Skip the sippy cup stage and go straight to a small plastic adult cup, or acquire a sippy cup with a “360” top that prevents accidents while still letting your child drink like an adult.
Read More: Can I Use Baking Soda on Toddler’s Teeth?
Frequently Asked Questions
At what age should an overbite be corrected?
If a child is two years old and has an overbite, it is likely to improve as they grow, and their adult teeth will also erupt. Orthodontists typically wait until a child is 7 or 8 years old to correct an overbite, even if it is severe. In some cases, you can fix an overbite in a newborn without surgery if the child stops sucking their thumb or pacifier.
If left untreated, an overbite can cause chewing, speaking, and swallowing problems. It can also lead to tooth wear and even jaw pain. In most cases, orthodontic treatment can correct an overbite without causing any problems.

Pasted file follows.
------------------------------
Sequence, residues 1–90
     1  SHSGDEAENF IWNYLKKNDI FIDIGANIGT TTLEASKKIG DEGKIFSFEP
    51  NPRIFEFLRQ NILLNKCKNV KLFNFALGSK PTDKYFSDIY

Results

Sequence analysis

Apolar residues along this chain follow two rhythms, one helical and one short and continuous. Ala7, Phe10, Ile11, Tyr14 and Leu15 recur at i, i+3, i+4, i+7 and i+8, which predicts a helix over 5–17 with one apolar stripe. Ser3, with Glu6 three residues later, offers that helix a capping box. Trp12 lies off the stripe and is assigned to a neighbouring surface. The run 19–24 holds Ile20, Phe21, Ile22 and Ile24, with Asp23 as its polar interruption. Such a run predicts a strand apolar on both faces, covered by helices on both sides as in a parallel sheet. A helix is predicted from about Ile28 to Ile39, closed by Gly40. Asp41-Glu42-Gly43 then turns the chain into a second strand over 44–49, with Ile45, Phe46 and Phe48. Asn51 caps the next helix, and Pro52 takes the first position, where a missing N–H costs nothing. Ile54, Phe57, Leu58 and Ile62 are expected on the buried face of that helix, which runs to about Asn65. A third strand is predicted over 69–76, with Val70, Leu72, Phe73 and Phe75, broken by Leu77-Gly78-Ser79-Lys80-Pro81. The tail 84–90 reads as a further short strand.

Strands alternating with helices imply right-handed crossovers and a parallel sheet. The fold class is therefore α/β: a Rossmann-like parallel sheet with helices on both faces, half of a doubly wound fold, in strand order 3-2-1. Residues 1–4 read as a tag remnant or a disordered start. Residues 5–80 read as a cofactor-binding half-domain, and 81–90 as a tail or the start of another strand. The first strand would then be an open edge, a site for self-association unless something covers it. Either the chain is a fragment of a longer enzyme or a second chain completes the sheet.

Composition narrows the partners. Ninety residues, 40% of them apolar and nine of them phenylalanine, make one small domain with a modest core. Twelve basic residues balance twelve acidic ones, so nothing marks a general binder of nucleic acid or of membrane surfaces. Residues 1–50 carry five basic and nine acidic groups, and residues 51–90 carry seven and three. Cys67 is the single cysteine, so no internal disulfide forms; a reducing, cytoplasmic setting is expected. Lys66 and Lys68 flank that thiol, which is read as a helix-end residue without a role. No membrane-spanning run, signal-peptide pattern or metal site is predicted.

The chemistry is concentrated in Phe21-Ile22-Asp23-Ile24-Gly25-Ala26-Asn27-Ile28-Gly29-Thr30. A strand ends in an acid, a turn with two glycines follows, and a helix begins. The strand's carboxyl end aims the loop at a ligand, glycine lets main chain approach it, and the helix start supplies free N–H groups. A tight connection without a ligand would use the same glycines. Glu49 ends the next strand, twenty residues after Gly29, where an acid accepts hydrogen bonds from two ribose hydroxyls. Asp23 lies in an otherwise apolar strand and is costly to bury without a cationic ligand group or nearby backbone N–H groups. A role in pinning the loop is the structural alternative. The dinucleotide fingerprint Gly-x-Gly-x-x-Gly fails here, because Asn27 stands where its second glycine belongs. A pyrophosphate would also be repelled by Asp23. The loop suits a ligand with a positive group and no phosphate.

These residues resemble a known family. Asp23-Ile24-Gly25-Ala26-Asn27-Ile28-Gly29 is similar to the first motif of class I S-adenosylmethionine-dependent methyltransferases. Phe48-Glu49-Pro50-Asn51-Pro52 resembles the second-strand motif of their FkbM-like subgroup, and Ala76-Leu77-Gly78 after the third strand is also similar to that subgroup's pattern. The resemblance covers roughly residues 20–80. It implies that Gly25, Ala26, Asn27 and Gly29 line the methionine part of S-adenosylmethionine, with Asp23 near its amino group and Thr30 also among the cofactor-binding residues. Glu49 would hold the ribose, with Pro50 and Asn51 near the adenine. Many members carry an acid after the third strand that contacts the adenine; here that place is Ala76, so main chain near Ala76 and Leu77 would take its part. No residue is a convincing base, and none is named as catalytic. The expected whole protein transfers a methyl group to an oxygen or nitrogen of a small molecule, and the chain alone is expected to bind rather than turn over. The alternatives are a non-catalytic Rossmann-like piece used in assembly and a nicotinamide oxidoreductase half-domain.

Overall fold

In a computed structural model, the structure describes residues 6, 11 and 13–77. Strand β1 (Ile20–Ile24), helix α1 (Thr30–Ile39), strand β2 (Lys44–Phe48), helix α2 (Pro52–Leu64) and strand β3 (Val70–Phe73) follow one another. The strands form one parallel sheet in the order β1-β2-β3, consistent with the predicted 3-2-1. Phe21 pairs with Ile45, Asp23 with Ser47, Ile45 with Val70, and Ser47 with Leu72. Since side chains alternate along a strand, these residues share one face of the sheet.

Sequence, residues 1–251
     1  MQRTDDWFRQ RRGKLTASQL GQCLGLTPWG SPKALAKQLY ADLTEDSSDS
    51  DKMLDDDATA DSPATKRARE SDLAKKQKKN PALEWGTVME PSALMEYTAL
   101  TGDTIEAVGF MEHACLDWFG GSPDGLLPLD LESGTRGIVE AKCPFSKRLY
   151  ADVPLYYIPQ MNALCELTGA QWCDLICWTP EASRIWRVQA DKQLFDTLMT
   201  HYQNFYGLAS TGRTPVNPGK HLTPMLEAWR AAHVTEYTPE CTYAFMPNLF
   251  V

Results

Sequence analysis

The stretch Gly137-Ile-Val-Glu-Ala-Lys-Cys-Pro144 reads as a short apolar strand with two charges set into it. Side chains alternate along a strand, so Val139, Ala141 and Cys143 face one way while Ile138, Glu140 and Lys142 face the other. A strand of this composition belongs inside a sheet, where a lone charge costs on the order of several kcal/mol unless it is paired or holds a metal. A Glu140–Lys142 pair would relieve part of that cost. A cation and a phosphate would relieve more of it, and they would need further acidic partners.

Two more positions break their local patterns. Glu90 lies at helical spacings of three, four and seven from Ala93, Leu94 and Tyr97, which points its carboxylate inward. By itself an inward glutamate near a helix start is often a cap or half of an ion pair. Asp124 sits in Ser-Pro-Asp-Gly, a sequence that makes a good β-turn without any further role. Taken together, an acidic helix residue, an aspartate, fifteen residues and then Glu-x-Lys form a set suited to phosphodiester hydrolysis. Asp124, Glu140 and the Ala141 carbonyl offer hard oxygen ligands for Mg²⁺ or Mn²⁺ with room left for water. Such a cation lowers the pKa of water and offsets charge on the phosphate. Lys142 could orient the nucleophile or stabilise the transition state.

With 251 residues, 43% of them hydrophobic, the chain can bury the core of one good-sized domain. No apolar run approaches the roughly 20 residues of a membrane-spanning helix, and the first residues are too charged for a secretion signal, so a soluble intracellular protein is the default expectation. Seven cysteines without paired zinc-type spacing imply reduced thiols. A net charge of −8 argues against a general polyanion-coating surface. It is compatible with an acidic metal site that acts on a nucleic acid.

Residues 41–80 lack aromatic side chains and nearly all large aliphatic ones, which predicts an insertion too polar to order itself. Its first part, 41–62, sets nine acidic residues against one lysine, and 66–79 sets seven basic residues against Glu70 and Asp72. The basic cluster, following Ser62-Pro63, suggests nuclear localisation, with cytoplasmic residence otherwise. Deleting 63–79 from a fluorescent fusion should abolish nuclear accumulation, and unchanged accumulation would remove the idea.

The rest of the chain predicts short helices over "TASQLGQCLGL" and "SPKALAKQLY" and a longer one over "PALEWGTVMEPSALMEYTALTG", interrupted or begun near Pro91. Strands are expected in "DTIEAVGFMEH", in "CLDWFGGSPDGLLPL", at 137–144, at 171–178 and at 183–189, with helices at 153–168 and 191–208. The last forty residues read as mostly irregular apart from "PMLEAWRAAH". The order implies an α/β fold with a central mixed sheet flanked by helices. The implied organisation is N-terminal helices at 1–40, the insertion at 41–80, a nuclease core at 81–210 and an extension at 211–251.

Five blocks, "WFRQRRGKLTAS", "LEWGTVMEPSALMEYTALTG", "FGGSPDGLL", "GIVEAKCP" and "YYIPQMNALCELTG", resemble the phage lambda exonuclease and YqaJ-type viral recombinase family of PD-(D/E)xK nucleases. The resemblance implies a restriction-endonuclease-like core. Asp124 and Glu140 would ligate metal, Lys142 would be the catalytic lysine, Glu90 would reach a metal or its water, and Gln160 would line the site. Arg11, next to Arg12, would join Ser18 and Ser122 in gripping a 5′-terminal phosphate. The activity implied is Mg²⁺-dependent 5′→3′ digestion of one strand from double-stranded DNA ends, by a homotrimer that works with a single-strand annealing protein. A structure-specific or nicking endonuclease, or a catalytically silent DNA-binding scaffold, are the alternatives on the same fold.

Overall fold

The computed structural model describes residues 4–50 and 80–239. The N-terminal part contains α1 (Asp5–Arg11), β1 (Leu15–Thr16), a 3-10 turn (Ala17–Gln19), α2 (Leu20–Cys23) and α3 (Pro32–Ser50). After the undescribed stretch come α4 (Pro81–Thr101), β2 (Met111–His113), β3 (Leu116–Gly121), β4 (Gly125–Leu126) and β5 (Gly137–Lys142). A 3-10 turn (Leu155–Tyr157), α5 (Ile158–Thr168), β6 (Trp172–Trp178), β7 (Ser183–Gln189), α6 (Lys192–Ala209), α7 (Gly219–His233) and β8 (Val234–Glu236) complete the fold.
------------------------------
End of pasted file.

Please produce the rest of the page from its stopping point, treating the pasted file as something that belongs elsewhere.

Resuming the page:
Can a 3-year-old get braces?
A 3-year-old can get braces, but it is typically not recommended. The best time to get braces is around the age of 10-12, when the child’s baby teeth are still growing and their mouth is relatively small. If a child needs braces at a younger age, it may be because their teeth are crooked or crowded, which can cause problems with biting and chewing, and speaking clearly.
Do overbites get worse with age?
Yes, overbites can get worse with age. However, this is not guaranteed, as every individual’s mouth is different. Overbites typically worsen as the teeth and jaw continue to grow. Genetics can also influence how an individual’s overbite develops over time. Suppose you are concerned about your overbite worsening. In that case, it is best to have an orthodontic consultation right away to be more knowledgeable about the best-suited treatment plan for your child.
Does overbite affect speech?